Alternate Interior Angles: They are pair angles formed when a line intersects or cuts two parallel lines. The intersecting line is called the transversal. Alternate interior angles are in opposition to each other. Also, both alternating angles are always equal when the lines are parallel.
The Alternate Interior Angles Theorem states that if two lines are parallel, then the pairs of alternate interior angles are congruent.
Note: The term congruent in the above theorem implies that both angles are equal, identical in form and coincides exactly when superimposed.
Alternate Exterior Angles: In simple terms, the alternate exterior angles are the vertical angles of the alternate interior angles. They are always equivalent or the same when the transversal intersects two parallel lines. They are shown in the image below:
Vertically Opposite Angle: These are angles formed at a point where two opposite lines cross or intersects each other centrally. The term vertical (in vertically opposite angles) implies that both angles share the same vertex; and not necessarily the common up-down meaning often ascribed to vertical.
The image below shows two pairs of vertically opposite angles. Notice that the sum of degree measurement in vertically opposite angles is always lesser than 360^{o} with both angles having equal degree measurements.
Vertically opposite angles may simple be referred to as vertical angles.
Instances where vertically opposite angles are present in real-life include a pair of open scissors, railroad crossing signs, open pliers, etc.
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Amazing facts in Mathematics
The opposite sides of a dice will always give a sum of seven
31,556,926 seconds makes one year
From 0 through 1000, the only number that has the letter 'a' in it is 'one thousand'
÷
The division symbol '÷' is actually called an obelus
Four is the only number in the English language that is spelt with the same number of letters as the number (4) itself
40 is spelt as forty and not 'fourty'. It is the only number that is spelt with letters arranged in alphabetical order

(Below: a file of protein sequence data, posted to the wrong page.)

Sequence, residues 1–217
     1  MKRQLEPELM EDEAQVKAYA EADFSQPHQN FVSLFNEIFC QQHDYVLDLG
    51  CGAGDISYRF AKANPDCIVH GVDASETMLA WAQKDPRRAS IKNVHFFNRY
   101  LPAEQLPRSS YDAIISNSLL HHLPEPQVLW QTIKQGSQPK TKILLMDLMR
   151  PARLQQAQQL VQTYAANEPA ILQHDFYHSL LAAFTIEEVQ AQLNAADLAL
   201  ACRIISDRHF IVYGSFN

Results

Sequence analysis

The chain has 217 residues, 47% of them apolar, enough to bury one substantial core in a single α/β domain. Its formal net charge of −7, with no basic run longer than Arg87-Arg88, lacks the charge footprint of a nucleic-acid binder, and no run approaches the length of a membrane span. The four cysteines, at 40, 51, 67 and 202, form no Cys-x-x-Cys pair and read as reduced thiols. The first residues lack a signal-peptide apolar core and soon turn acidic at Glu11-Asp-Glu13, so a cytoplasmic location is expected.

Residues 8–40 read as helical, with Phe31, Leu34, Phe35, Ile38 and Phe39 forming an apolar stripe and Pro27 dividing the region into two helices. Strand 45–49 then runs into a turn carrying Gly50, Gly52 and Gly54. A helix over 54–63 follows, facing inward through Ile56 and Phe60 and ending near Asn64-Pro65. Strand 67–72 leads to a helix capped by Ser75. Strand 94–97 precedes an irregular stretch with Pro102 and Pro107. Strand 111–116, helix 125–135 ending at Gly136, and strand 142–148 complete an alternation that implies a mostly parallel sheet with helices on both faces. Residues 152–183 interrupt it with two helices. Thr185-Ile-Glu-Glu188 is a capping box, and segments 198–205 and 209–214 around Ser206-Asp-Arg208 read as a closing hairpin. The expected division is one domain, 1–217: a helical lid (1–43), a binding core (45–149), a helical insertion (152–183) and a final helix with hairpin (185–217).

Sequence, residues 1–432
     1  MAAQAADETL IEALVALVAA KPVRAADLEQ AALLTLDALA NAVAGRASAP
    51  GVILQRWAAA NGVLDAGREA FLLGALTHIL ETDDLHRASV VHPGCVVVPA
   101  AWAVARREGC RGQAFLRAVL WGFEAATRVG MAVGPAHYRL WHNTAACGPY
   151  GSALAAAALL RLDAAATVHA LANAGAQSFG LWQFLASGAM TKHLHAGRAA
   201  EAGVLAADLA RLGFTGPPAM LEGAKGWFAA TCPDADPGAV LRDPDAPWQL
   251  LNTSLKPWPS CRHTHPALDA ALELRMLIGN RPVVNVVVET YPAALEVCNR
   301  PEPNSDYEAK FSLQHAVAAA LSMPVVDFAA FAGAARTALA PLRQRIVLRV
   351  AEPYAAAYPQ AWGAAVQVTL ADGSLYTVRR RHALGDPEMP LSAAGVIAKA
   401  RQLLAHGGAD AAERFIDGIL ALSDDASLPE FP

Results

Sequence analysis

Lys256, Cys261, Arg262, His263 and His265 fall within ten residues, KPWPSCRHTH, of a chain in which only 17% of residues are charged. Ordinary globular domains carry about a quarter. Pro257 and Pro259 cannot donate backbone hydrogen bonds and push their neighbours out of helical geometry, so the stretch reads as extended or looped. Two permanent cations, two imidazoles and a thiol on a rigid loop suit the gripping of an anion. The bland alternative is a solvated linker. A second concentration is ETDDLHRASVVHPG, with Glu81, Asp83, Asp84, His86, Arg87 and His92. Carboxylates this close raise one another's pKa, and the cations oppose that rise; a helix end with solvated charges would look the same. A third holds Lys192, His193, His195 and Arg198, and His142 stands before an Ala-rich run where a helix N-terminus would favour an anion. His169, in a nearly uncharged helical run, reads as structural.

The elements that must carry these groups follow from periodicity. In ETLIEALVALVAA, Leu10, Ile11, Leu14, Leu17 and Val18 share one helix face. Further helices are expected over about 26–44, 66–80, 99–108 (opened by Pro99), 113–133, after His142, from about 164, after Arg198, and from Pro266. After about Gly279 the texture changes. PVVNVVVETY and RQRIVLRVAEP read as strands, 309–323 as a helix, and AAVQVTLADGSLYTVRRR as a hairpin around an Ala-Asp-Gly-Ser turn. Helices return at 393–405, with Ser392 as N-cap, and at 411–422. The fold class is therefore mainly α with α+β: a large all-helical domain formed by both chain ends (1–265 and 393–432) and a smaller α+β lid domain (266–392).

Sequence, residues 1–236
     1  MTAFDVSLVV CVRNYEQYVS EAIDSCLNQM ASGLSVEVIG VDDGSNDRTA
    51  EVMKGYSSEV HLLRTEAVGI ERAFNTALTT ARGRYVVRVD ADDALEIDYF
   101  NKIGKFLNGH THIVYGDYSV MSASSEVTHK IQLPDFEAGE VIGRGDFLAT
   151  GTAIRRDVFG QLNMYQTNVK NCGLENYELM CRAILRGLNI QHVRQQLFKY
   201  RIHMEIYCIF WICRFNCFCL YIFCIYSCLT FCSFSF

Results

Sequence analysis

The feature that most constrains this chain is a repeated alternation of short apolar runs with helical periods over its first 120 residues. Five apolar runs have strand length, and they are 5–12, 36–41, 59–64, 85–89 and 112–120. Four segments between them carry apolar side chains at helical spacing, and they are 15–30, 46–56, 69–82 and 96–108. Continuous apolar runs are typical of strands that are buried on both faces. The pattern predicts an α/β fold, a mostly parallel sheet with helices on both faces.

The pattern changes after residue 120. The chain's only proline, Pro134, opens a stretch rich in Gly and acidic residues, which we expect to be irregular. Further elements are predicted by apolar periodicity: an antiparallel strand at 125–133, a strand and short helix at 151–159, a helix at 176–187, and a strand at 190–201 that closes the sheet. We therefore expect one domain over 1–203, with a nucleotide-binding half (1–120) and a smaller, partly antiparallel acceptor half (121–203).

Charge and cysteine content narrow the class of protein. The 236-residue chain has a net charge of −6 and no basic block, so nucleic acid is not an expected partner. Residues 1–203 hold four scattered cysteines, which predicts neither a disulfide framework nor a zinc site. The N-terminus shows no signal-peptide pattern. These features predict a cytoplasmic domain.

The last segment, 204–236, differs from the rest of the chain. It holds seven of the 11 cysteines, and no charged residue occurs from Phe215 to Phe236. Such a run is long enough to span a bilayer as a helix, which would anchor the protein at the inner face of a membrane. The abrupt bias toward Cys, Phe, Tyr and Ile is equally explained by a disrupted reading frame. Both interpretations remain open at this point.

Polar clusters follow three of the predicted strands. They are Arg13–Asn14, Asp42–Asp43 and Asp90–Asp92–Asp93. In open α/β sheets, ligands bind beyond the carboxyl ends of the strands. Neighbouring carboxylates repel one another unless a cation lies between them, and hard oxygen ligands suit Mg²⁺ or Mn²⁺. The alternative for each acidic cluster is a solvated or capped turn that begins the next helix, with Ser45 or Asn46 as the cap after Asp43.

An odd number is a number that cannot be divisible by 2.
Every odd number has an 'e' in its spelling. They include:
555 in Thailand sounds like 'hahaha'. This is because the number '5' means 'ha' in Thailand
In mathematics, 10! means 10 factorial. Below is its calculation:
10! = 10 x 9 x 8 x 7 x 6 x 5 x 4 x 3 x 2 x 1 = 3628800
Interestingly, 3628800 seconds is the same as 42 days
42 days is the same as 6 weeks
We can therefore say that 10! equals 6 weeks or 3628800 seconds in mathematics
When you multiply 111,111,111 by 111,111,111; the result equals 12,345,678,987,654,321
NOTABLE POINTS IN Mathematics
The image above shows a right angled triangle. The angle of the above right triangle is denoted as θ. Below are some points to note:
Hypotenuse is always the longest side of the triangle.
Opposite is the side opposite the angle (θ)
Adjacent is the shorter side next to the angle (θ)
Each of Sin θ, cos θ and tan θ are the ratio of sides of the right triangle. They are calculated by using the formula (margic word) sohcahtoa:
soh
Sin θ = Opposite/Hypotenuse
cah
Cos θ = Adjacent/Hypotenuse
toa
Tan θ = Opposite/Adjacent
Circumference in mathematics means the distance around the edge of a circle (or a another curved surface).
Circumference is to circle or any other curved surface
Perimeter means the distance around a square or rectangle or polygon.
Perimeter is to square or rectangle or polygon